What do you think about Mark Karpeles working for London Trust Media and still being associated with the cryptocurrency industry? Let us know your thoughts on this story in the comments below.
Images via Pixabay, London Trust Media, AP, and Getty.
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Mt. Gox Mark Karpeles’ release on bail has produced a new radio program examining the historic hack and heist, but is also raising questions about sister exchanges such as BTC-e and their role in laundering stolen bitcoin. If all that wasn’t enough, a Gox trustee decided to dump over 400 million USD in bitcoin core and bitcoin cash in an effort to make Gox creditors whole.
Mt. Gox Money Laundered Through Always Efficient LLP, Claims FBI
Mt. Gox’s Mark Karpeles, released on bail in Japan, recently told England’s state-run media BBC Radio 4 File on Four how hard reality hit him back in 2014: “It felt like… when you fall from a building and you see the ground getting closer, and you feel like you are about to die. Mt Gox went from interesting project to being, I would say, a daily nightmare of dealing with banks, governments, people I never knew existed.” At that time, something like 7 out of every 10 bitcoin transactions were handled by the exchange. “I am very sorry that when I was in charge things happened the way they did.”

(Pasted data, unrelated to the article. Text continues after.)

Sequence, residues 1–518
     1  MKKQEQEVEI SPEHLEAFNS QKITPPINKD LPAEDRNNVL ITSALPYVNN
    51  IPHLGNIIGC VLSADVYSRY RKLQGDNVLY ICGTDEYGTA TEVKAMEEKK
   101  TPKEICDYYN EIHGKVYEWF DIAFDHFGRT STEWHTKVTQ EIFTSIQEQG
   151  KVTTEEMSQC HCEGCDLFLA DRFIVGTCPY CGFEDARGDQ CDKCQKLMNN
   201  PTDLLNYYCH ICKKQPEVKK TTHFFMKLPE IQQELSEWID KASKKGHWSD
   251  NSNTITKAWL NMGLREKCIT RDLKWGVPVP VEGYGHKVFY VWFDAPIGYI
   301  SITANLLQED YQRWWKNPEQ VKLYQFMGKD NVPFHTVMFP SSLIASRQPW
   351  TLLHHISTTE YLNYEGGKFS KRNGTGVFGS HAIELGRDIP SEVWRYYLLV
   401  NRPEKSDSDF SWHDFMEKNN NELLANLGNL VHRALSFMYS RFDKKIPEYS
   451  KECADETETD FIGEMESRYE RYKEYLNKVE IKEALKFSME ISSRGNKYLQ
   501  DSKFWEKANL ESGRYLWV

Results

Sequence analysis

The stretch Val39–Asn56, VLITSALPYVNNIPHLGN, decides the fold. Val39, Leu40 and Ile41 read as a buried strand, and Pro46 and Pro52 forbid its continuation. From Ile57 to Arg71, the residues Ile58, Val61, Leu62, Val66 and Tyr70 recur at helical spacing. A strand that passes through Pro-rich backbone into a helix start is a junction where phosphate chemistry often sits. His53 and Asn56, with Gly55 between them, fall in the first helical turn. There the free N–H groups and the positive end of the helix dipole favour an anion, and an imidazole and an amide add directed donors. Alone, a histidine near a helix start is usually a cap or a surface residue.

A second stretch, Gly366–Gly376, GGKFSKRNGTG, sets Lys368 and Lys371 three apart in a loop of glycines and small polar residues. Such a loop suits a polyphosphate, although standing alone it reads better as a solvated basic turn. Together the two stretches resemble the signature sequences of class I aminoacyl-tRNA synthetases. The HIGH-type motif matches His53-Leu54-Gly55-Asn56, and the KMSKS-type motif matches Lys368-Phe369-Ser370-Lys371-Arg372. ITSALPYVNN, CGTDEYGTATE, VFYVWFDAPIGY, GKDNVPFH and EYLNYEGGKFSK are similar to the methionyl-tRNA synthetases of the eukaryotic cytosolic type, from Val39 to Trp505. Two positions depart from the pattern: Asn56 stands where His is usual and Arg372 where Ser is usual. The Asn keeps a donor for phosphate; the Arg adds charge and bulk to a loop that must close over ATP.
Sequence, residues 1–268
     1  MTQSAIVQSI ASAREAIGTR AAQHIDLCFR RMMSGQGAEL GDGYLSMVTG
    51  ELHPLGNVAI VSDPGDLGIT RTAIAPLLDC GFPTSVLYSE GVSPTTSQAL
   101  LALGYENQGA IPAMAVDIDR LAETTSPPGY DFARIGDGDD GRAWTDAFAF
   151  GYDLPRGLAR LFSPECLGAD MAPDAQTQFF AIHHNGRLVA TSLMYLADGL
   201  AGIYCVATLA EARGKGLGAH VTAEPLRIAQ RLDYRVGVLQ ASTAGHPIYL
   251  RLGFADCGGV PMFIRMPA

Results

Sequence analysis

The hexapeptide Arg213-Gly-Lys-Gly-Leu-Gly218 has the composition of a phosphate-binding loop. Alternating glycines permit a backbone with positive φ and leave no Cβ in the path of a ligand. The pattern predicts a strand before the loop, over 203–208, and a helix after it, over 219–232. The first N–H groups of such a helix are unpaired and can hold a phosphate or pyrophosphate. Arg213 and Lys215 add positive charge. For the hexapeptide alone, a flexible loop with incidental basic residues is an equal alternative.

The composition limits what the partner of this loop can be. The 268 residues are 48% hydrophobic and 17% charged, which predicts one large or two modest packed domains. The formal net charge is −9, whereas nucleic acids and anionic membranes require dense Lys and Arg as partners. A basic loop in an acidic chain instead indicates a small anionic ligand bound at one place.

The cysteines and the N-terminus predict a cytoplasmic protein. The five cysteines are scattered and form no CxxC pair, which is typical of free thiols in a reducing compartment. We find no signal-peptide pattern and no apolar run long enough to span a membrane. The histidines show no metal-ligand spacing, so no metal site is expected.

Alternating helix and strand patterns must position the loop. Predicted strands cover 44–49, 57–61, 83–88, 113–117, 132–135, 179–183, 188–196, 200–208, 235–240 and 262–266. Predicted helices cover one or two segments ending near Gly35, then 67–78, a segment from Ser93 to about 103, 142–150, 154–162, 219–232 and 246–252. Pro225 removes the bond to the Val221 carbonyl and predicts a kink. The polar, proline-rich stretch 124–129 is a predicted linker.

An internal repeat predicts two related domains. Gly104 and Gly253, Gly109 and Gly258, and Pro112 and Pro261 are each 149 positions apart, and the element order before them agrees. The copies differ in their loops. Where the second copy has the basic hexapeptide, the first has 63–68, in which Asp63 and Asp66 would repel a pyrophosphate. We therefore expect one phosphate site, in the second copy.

Mr. Karpeles is charged with data manipulation and millions in embezzlement, though he describes the latter as perfectly legal loans (none of the charges have to do directly with stolen Gox bitcoin). When dust settled, 650,000 bitcoin vanished, billions in value gone. BBC Radio 4 claims to have found out which regional company was used in laundering that loot, Always Efficient LLP.
The US Federal Bureau of Investigation (FBI) claims London’s Always Efficient LLP was behind the infamous exchange, BTC-e. US authorities effectively shut down the Russian exchange’s site, charging an alleged principal, Alexander Vinnik, with multiple counts of international money laundering, including that derived from Gox. Mr. Vinnik was later arrested in Greece, and is awaiting extradition to the United States or Russia (for lesser charges). For its part, the exchange denies Mr. Vinnik’s involvement. Investigators are claiming nearly half of Gox’s stolen bitcoin were pushed through BTC-e.
In a statement to the BBC, Mr. Vinnick explained “BTC-e is just a web platform for buying and selling Bitcoin – not an exchange. As such it cannot be held responsible for the source of money used to buy Bitcoin, no more than a [currency exchange bureau] can be held responsible for exchanging a stolen $ 100 note into pounds sterling.” He also denied any connection to Always.